Questions & Answers

Here are some frequently asked questions WCAS receives via

Q:  What is the Migratory Bird Treaty Act?

A: The Migratory Bird Treaty Act (MBTA) of 1918 implements a treaty between the United States and Great Britain governing birds migrating between the U.S. and Canada. It is one of the oldest wildlife conservation statutes in the world and makes it unlawful to pursue, hunt, take, capture, kill or sell migratory birds covered by the Act.  Expanded in range through similar conventions between the U.S. and Mexico in 1936, the U.S. and Japan in 1972, and the U.S. and the U.S.S.R. (1976), all were adopted as amendments to the original statute.  The MBTA now protects over 800 species of birds within these migratory ranges.


Q: What is the Endangered Species Act (ESA)

"Nothing is more priceless and more worthy of preservation than the rich array of animal life with which our country has been blessed."
-President Nixon, upon signing the Endangered Species Act


Get the Facts

ESA Fact Sheet cover
ESA Fact Sheet
How Does the ESA Define "Species"?
The term "species" under the ESA includes species, subspecies, and, for vertebrates only, "distinct population segments (DPSs)". Pacific salmon are listed as "evolutionarily significant units (ESUs)", which are essentially equivalent to DPSs for the purpose of the ESA.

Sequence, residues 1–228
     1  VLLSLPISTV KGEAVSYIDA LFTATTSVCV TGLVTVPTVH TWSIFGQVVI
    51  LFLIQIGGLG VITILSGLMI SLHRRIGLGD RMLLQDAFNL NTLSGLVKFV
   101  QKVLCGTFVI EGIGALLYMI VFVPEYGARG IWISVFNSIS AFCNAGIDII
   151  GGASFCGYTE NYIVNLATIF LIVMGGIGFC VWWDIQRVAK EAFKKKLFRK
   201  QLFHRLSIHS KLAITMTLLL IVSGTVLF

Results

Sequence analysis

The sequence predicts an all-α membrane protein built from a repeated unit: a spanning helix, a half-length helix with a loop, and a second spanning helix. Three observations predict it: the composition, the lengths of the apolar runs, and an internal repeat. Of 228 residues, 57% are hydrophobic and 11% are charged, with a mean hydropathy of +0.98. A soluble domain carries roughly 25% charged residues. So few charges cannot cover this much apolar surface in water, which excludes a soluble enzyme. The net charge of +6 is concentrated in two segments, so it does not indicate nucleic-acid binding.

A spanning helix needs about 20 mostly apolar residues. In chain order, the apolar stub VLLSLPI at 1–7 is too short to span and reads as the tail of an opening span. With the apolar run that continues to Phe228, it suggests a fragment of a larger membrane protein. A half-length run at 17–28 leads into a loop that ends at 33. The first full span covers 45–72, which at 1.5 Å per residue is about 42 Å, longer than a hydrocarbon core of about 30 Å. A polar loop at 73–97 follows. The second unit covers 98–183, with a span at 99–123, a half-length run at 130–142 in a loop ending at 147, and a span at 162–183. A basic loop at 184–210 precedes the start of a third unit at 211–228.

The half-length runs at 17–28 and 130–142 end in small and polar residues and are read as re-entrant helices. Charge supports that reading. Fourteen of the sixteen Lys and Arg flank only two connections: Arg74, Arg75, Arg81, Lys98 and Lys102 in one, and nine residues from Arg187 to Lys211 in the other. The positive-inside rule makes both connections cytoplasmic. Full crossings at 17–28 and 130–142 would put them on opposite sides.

A:  The Endangered Species Act of 1973 (ESA) was signed on December 28, 1973, and provides for the conservation of species that are endangered or threatened throughout all or a significant portion of their range, and the conservation of the ecosystems on which they depend. The ESA replaced the Endangered Species Conservation Act of 1969; it has been amended several times.

A "species" is considered endangered if it is in danger of extinction throughout all or a significant portion of its range. A species is considered threatened if it is likely to become an endangered species within the foreseeable future.

There are approximately 1,970 total species listed under the ESA. Of these species, approximately 1,370 are found in part or entirely in the U.S. and its waters; the remainder are foreign species.

NOAA's (National Oceanic and Atomospheric Administration) National Marine Fisheries Service (NMFS) and the U.S. Fish and Wildlife Service (USFWS) share responsibility for implementing the ESA. Generally, USFWS manages land and freshwater species, while NMFS manages marine and "anadromous" species. NMFS has jurisdiction over 74 listed species.


Q:  Thought you might have some insights on wife mentioned a few weeks ago that she thought she saw a cardinal stealing zucchini flowers off our plants. We put some rubber snakes down to keep birds away but of course we want birds around to eat the insects, so we took them out after a few days.

But this morning while leaving the house I noticed a rustling in our raised garden beds. I looked closer and saw a male cardinal tucked under the zucchini. He snapped a zucchini flower off the plant and flew away with it. Is this normal (or not unusual) behavior? A quick web search didn't show that cardinals were partial to zucchini flowers. He's certainly going out of his way to get them.

Thanks in advance for your thoughts on this...

P. M.
Lakewood, Ohio

A.  This is so interesting.  I too looked for information on birds eating flowers (in general).  Of course you get the tropical birds and parrots that consume flowers but our locals …. Hmmm.